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Laura Orenchuk: A Survivor’s Story

Laura Orenchuk: A Survivor’s Story

Laura Orenchuk: A Survivor’s Story

Laura Orenchuk was living life to the fullest. It all came crashing down on Mother’s Day.

Laura Orenchuk was living life to the fullest two years ago. It all came crashing down on Mother’s Day in May, 2015.

“I found a lump,” Orenchuk says, “It was Sunday so I phoned my family doctor the next day. She got me in that day, checked me over and sent me for an ultrasound.”

The ultrasound results were inconclusive. “They couldn’t get a good reading because my breasts were too dense. I had a mammogram done the same day.”

The mammogram also was inconclusive so the screening centre referred Laura to the Breast Health Centre at Saskatoon City Hospital for a biopsy. She had that and a second mammogram within two weeks.

“It took about two weeks for the biopsy results,” Orenchuk recalls. “It was positive. The surgeon called me at home and told me he’d get me a surgery date.”

That first surgery happened June 17. Before it, Laura and her husband, Jason, discussed the extent of removal – whether to do a lumpectomy, a single mastectomy or the radical move of a double mastectomy.

“The surgeon, who’s now retired felt a lumpectomy was enough but I felt from the beginning that a double mastectomy was the way to go,” she says. “We decided on the single mastectomy. After the surgery, the doctor told me it was good we chose that because nothing was salvageable. We would have had to do it anyway.”

She spent three months recovering, still determined to have a second mastectomy. In September, she met with her new surgeon. “He agreed and put me on the waiting list for surgery. This was good because in the prep for this, they found more lumps on that side.”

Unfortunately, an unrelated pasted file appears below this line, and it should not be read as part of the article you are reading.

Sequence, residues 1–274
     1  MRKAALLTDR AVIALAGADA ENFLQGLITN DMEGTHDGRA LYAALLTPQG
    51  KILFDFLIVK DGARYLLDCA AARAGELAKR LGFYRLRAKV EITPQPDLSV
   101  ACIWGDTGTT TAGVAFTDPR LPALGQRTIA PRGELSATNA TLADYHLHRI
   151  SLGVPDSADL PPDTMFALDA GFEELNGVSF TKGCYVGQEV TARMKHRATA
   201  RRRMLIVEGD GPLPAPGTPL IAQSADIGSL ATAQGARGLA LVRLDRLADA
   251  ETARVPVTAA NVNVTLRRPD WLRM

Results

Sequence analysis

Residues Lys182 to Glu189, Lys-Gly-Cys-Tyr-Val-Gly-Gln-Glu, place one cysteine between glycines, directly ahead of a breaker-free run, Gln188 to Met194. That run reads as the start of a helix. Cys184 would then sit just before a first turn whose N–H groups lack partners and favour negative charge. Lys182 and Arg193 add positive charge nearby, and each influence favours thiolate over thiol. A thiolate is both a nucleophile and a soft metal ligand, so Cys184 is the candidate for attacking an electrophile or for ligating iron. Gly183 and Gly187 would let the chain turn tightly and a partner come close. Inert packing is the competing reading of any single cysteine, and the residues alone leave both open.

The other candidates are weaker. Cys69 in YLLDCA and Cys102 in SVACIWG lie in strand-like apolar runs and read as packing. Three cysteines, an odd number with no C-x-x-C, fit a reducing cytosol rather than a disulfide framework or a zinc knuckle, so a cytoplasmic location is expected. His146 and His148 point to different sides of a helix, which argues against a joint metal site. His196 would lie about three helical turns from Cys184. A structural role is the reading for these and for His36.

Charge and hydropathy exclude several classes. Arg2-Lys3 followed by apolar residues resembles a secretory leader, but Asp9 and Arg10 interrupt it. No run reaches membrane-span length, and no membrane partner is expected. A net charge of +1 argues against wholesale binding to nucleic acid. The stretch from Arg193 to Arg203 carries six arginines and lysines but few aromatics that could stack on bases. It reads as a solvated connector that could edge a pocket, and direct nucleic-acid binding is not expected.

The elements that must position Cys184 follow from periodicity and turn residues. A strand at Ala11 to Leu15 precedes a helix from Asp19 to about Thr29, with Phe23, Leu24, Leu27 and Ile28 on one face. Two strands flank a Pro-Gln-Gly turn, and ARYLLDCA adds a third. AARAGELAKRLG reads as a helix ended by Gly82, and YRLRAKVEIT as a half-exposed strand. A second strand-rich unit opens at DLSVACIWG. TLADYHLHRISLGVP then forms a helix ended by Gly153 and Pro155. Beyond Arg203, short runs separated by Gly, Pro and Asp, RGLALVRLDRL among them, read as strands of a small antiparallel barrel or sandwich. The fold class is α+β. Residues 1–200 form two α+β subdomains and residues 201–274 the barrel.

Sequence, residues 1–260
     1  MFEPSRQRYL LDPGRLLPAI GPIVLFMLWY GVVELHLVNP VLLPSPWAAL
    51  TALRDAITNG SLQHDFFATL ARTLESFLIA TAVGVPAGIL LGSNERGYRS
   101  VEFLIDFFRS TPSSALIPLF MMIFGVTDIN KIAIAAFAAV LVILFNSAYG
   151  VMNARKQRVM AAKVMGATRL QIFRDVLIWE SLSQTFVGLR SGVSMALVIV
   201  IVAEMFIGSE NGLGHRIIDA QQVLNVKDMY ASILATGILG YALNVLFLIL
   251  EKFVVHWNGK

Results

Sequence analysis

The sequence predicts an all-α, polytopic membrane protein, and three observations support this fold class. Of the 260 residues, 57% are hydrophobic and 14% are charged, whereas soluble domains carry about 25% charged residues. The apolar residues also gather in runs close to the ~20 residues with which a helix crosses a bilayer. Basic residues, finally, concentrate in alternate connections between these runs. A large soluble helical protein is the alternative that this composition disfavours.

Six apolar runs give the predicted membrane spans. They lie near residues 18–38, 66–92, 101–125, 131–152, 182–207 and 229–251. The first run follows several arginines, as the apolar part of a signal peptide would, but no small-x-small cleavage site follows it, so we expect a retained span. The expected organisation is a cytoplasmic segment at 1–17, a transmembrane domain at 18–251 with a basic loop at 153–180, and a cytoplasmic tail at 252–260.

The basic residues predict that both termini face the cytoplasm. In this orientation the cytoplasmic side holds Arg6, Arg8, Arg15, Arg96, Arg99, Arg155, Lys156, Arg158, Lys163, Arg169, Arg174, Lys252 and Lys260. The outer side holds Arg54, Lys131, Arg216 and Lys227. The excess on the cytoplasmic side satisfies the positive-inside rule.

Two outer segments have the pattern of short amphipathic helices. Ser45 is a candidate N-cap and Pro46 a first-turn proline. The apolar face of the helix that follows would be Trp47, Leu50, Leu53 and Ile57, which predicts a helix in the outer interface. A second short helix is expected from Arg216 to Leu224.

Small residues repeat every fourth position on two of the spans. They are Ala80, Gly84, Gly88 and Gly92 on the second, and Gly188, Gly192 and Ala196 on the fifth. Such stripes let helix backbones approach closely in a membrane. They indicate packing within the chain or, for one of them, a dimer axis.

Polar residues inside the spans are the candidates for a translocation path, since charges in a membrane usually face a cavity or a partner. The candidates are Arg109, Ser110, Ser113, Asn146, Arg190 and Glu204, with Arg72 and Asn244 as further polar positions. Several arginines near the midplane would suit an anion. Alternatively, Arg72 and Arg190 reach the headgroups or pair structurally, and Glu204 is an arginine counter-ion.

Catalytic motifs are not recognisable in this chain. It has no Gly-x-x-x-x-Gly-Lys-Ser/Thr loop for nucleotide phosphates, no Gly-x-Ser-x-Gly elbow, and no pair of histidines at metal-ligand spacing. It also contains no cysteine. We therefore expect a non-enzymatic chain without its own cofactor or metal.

Orenchuk’s second surgery, in March 2016, didn’t go well. “Because the two surgeries were separate, they started over and did reconstruction of both breasts. I developed an infection and got e coli. I was hospitalized for a long time, my tissue expanders had to be removed, and I had to have reconstruction again.”

While mastectomies are considered aggressive, she says there was an upside. “There was no treatment required because there was nothing left to treat. While others may be comfortable with the lumpectomy, I was always of the mind to tackle it as hard as I could and be done with it.

[“I’m a stubborn person. This made me determined to meet cancer head on.”

Through all her visits to the Breast Health Centre and her time recovering from infection, Laura says she “felt so taken care of by the staff at the hospital and the centre.”]

There is a strong likelihood of reoccurrence which makes her watchful but Laura and Jason won’t let the possibility control their lives. “We’ve decided to just deal with it if it happens and not worry about it. That’s important for our family.”

It’s because of this and thinking of others that Laura decided to share her story; and to help Saskatoon City Hospital Foundation raise funds for a new automated breast ultrasound (ABUS) at the Breast Health Centre.

“The ABUS is great because it can take an image of the entire breast in just three scans. In many cases, it’s better than a mammogram or an MRI. It means radiologists can provide quicker diagnoses and start treatment plans sooner. That’s so important when you’re dealing with cancer.”

“It’s also ideal for women with denser breasts, which 40 per cent of women have. I’m one of them,” Orenchuk adds. “I can’t help wondering, ‘what if I’d been able to have an ABUS? Would they have seen the cancer in both sides sooner? Could I have avoided the second surgery and the infection?

“I don’t know and I’m glad it worked out for me, but I’m hoping it can be better for someone else.

“I never would have thought five years ago that this would be our life but it is. It’s made us open our eyes and cherish what we have. We used to work a lot – 10 to 12 hours a day but we’ve sold the business and are doing things with our family in mind.”